Media Relations: media commentary and criticism

Wednesday, June 11, 2008


-- television -- circus of the stars, aughties version

You know, I hate to say it, but NBC's Celebrity Circus is actually ... kind of fun. Interesting. Entertaining, even. Mind, it does suffer from a severe case of "Who the hell IS that, anyway?" But still, you've got celebrities (of a sort) doing things that no reasonably sane person would do at their stage of life with that little training, and paying the price, too. Stacey Dash had broken ribs (but her performance apparently managed to turn the gay judge straight), Rachel Hunter had herniated discs in her neck and Christopher Knight had a broken arm.

The judges are an interesting motley. Mitch Gaylord is a former Olympic gymnast and actor (if that's quite the right word -- I've seen some of his film work). Aurelia Cats is a circus performer -- contortion and trapeze -- as well as an experienced circus festival competition judge (i.e., the member of the judging panel who actually knows what she's talking about). Louie Spence is a dancer and choreographer, as well as having judged other countries' versions of the show; he's also very very very very gay (believe it or not, this is actually relevant, if not precisely a qualification). The judging appears to be a mix of that from American Idol and that of Dancing with the Stars. Circus has, in fact, completely absorbed the judging model from the first season of "Dancing with the Stars", in which 50% of the score comes from the judges, and 50% comes from the viewers. Presumably, this means that people are simply ranked in order of the total votes received, and also the judges' vote ranking. In theory, this should mean that if you pay attention to the judges' votes, you may be able to tell which people are safe, and which are at risk, at least for the next three weeks. Beyond that, there aren't enough people left to be safe, no matter what the judges do.. Like American Idol, Celebrity Circus at least pretends that the competition has something to do with performance, as well as popularity, barring votes before the broadcast ends, but limiting both phone and online voting to only two hours after the show.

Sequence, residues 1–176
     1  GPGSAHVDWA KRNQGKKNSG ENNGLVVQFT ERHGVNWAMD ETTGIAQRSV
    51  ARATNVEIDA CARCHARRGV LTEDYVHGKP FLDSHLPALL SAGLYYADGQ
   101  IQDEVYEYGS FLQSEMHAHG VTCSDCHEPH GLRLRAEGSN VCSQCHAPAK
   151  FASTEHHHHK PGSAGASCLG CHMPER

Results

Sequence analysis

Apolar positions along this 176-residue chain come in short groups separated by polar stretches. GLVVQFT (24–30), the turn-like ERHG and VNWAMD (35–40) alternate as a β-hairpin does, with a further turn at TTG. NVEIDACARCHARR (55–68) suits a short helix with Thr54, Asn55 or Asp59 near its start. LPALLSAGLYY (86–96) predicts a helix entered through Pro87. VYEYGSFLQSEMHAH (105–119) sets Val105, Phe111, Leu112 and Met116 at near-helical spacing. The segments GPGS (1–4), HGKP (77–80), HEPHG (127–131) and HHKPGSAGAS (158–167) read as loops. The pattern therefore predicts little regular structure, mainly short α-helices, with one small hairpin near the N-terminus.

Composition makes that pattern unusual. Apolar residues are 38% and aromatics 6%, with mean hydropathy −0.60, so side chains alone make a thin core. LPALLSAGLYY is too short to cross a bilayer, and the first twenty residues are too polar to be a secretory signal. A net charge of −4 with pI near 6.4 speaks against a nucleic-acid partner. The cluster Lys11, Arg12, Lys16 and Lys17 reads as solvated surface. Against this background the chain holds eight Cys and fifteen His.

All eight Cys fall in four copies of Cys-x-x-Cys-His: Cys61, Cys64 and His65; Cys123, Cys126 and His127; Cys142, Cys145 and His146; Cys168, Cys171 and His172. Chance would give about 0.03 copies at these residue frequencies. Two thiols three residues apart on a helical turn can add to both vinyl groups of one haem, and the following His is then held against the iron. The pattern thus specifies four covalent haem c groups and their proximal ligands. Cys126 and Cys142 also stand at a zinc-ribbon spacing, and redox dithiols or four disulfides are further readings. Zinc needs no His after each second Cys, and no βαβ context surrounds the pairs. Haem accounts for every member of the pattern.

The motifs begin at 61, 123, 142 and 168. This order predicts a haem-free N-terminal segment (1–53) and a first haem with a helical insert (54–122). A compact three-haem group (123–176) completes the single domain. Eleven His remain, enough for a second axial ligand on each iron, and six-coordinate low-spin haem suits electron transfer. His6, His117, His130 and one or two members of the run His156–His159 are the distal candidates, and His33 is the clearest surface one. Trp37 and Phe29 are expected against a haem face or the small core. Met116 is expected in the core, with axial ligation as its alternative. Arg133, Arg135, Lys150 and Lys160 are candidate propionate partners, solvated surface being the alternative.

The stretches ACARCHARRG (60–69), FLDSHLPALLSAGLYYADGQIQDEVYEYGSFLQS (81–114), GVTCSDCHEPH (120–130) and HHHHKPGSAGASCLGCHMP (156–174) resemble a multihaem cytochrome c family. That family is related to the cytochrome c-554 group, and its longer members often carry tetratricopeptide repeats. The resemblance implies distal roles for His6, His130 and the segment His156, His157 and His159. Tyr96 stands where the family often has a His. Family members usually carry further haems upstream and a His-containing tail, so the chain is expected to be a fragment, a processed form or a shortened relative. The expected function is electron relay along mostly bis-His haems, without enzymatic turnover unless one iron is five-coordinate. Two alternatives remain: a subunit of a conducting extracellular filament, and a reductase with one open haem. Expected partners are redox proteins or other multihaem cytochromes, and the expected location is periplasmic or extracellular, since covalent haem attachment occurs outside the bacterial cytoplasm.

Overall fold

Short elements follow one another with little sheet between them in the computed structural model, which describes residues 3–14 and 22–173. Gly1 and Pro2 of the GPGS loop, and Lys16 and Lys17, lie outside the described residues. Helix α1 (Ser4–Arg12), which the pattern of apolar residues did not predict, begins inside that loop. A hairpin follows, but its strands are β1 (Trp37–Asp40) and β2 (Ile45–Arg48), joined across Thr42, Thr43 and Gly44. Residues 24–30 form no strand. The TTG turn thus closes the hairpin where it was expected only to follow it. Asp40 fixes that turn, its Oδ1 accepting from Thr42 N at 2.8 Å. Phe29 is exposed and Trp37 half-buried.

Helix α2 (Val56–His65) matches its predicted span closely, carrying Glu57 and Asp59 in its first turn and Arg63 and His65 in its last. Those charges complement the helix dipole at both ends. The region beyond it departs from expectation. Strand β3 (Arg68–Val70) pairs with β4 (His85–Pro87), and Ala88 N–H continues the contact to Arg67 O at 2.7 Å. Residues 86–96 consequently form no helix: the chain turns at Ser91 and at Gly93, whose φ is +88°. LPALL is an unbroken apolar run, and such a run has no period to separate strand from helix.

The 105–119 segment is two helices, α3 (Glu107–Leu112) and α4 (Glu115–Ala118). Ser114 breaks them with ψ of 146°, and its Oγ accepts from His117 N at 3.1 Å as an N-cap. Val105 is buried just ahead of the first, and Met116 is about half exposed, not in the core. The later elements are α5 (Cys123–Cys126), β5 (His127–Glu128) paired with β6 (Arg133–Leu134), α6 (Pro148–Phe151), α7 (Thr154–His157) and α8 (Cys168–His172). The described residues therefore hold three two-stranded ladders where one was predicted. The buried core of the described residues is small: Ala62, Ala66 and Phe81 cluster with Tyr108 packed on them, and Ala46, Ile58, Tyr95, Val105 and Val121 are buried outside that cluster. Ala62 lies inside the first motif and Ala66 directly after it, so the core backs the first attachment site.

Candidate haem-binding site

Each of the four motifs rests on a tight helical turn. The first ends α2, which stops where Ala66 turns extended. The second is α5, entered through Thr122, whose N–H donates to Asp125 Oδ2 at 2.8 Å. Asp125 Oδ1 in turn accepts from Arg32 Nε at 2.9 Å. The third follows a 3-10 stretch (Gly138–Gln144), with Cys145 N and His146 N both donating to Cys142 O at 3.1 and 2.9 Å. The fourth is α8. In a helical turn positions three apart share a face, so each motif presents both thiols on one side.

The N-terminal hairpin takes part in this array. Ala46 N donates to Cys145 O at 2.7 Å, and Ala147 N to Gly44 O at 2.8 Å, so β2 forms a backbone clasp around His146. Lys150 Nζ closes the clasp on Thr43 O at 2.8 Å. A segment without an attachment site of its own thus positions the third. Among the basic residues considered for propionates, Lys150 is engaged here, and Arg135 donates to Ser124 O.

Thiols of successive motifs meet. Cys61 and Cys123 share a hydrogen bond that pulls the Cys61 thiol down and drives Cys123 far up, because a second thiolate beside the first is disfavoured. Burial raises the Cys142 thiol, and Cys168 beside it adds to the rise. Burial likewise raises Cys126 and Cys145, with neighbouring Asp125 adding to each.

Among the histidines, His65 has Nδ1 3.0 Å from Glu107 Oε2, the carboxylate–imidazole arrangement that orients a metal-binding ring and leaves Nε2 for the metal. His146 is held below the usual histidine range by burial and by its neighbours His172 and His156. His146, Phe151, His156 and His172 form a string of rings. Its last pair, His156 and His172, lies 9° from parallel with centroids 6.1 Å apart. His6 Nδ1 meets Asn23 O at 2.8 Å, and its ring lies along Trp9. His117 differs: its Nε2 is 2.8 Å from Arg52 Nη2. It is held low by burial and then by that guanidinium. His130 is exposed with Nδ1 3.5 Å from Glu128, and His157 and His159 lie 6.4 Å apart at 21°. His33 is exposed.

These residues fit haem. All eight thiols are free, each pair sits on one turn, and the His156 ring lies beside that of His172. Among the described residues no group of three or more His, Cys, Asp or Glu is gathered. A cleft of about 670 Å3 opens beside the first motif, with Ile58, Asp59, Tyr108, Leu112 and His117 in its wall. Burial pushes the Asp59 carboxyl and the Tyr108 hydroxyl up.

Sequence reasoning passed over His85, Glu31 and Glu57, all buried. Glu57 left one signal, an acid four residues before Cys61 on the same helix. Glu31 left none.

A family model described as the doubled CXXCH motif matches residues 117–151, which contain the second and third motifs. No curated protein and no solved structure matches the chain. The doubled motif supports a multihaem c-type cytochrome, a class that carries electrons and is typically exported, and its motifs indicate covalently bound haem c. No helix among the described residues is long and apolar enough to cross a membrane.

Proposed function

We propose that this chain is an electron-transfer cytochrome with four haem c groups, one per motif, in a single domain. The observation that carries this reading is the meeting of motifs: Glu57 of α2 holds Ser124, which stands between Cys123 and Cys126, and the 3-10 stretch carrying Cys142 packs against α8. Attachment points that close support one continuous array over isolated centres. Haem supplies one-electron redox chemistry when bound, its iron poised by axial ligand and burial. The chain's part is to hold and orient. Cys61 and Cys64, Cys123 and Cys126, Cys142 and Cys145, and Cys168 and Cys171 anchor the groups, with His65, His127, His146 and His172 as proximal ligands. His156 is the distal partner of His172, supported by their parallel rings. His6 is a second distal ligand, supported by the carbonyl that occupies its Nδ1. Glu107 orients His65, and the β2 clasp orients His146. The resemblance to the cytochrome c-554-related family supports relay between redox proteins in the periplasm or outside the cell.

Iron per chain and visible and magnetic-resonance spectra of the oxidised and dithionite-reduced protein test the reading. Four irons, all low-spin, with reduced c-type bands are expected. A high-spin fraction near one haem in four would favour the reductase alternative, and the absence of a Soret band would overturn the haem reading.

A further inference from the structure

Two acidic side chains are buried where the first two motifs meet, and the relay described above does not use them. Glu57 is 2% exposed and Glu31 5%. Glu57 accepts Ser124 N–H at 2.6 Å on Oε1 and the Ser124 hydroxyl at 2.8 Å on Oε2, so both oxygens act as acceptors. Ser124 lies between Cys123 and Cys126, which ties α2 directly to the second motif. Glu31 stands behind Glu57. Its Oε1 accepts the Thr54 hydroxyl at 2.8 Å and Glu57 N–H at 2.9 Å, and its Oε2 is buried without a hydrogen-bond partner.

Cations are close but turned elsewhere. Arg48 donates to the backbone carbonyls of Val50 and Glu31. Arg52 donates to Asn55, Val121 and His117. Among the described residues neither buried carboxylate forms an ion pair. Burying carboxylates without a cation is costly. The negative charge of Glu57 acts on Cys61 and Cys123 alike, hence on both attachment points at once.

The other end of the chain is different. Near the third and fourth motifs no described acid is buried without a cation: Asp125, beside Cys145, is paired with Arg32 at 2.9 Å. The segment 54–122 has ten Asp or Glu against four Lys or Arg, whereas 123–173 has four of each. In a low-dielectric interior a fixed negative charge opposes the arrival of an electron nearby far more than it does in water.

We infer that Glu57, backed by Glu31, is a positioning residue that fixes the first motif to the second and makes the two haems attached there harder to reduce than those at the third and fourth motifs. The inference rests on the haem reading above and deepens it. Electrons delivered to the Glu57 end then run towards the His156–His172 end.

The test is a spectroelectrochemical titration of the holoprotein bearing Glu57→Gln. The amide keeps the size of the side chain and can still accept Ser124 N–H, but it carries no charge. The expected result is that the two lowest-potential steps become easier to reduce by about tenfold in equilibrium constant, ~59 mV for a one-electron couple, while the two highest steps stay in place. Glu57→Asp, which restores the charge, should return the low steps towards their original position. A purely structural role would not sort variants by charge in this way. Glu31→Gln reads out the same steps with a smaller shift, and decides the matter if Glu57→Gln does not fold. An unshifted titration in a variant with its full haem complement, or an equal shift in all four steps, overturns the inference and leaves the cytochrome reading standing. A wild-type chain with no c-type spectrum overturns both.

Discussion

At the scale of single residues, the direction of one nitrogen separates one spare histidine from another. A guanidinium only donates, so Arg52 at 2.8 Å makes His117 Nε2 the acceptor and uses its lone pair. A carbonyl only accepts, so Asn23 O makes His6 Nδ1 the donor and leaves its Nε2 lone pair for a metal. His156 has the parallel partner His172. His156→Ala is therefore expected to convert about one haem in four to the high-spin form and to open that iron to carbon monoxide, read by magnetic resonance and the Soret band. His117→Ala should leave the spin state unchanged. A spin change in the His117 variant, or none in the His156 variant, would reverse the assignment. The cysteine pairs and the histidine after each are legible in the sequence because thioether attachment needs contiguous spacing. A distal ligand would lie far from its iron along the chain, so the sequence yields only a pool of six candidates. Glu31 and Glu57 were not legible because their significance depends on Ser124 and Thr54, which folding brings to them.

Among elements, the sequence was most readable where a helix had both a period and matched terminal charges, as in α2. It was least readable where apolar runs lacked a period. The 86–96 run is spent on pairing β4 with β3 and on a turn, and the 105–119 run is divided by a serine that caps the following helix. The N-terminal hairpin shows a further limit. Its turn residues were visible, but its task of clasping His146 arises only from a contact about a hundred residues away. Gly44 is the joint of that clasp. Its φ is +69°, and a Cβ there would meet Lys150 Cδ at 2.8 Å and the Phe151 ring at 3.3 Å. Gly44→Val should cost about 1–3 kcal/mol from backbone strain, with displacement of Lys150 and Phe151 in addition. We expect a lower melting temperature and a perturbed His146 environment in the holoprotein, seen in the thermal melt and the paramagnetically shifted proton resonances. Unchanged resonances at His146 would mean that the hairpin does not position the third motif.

According to various comments through the show, the celebrities will be rotating through the apparatuses week to week. On the one hand, that's understandable -- you don't want the audience to get bored with seeing too much repetition -- but at the same time, I wonder how wise that was. Presumably, the eight weeks of rehearsal was to allow them to rotate training through each apparatus, and then the week before the show, they concentrate on the one for the upcoming broadcast. I would think that spending so little time on each apparatus would make them more prone to injury, as has already happened, and certain apparatuses will aggravate injuries that have already occurred.

I'm beginning to suspect that Joey Fatone is perhaps the wrong host for the series. He's personable and enthusiastic enough, I suppose, but he seems a bit lost some of the time. And he really seems to have no idea how to handle Louie Spence and his sexual innuendoes at the various celebrities; that would be understandable if Louie were aiming his remarks at Joey, but he really doesn't speak to Joey after the introductions. Really, it needs someone with a certain engaging smarm who can give as good as he gets, like, say, Tom Bergeron.

It'll be interesting to see how it goes through the summer.

Posted by iain at 10:22 PM in category television